A Blue View: The Record-Breaking Migration of Gray Whales

These barnacle-encrusted beauties are epic migrators.

Published November 17, 2015

You’d have to drive from California to New York and back—TWICE—to fully appreciate the distance traveled by the gray whale every year. This species takes the credit for longest migration route of any mammal, traveling 12,000 miles from the icy waters of the Arctic to the warm lagoons of Baja, Mexico, and back again.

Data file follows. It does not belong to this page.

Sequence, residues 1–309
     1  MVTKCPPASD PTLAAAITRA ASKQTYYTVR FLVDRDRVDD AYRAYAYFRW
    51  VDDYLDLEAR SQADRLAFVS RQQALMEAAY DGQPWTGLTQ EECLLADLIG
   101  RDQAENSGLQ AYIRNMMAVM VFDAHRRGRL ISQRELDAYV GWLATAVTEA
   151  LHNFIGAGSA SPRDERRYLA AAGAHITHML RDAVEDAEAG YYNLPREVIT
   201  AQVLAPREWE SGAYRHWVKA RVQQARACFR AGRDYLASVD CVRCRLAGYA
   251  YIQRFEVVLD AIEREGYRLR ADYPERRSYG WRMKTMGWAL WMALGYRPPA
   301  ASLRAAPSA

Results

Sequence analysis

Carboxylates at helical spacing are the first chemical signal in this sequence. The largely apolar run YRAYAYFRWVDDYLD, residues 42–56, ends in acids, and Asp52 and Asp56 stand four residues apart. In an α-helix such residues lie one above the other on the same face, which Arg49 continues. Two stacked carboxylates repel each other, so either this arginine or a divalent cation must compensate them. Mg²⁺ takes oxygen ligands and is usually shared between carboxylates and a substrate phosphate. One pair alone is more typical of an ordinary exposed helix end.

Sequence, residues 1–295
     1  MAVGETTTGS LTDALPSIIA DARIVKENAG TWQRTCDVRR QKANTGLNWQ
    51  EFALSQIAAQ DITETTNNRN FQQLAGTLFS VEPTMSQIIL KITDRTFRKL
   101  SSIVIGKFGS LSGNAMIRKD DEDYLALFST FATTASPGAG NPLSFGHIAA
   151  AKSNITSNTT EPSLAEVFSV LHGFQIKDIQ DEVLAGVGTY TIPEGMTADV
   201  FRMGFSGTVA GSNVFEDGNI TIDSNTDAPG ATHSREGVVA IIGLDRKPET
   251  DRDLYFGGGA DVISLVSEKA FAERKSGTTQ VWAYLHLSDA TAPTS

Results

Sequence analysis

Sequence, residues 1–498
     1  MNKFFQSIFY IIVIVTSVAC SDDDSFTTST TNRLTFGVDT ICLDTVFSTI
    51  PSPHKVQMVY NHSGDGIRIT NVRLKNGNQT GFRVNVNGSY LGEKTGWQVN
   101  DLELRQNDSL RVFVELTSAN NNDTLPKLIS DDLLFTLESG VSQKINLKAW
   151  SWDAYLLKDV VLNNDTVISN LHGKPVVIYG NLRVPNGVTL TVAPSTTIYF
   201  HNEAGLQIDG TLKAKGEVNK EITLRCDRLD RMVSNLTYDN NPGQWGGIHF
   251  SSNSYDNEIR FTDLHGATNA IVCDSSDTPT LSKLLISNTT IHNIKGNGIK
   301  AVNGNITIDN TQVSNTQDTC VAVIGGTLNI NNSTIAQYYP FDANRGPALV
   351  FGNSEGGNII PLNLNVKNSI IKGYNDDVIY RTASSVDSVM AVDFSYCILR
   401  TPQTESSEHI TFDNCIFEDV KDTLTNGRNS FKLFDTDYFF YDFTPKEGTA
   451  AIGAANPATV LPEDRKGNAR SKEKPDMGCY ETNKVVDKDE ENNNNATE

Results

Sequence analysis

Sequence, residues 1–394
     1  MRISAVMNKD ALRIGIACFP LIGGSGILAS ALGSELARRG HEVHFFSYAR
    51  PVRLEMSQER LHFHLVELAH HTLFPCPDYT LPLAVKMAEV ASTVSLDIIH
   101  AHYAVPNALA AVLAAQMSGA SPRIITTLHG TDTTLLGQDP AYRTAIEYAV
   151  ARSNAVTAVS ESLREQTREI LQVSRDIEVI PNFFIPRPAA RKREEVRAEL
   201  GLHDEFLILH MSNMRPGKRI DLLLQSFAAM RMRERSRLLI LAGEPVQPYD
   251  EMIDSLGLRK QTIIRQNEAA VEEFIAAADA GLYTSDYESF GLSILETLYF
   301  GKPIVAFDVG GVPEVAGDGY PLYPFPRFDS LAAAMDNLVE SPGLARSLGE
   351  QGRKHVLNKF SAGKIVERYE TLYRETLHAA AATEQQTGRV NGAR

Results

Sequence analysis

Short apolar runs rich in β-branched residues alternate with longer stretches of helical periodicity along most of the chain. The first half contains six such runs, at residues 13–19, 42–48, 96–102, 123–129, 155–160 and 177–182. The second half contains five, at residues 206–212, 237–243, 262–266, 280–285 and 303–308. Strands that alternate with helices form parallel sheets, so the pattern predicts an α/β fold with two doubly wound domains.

gray whale

Migrating pods are often spotted off the Pacific coast of North America from December through April. During peak migration, gray whales can be seen traveling in pods of 12 or more. 

Once the target of commercial harvesters, gray whales faced the threat of extinction in the early 20th century. Today, this species is protected under the Endangered Species Act, Marine Mammal Protection Act and other international bans on commercial sale. 

Scientists estimate there are around 20,000 gray whales alive today.

Hear explorer, filmmaker and diver Céline Cousteau recount her experiences observing these majestic mammals: 


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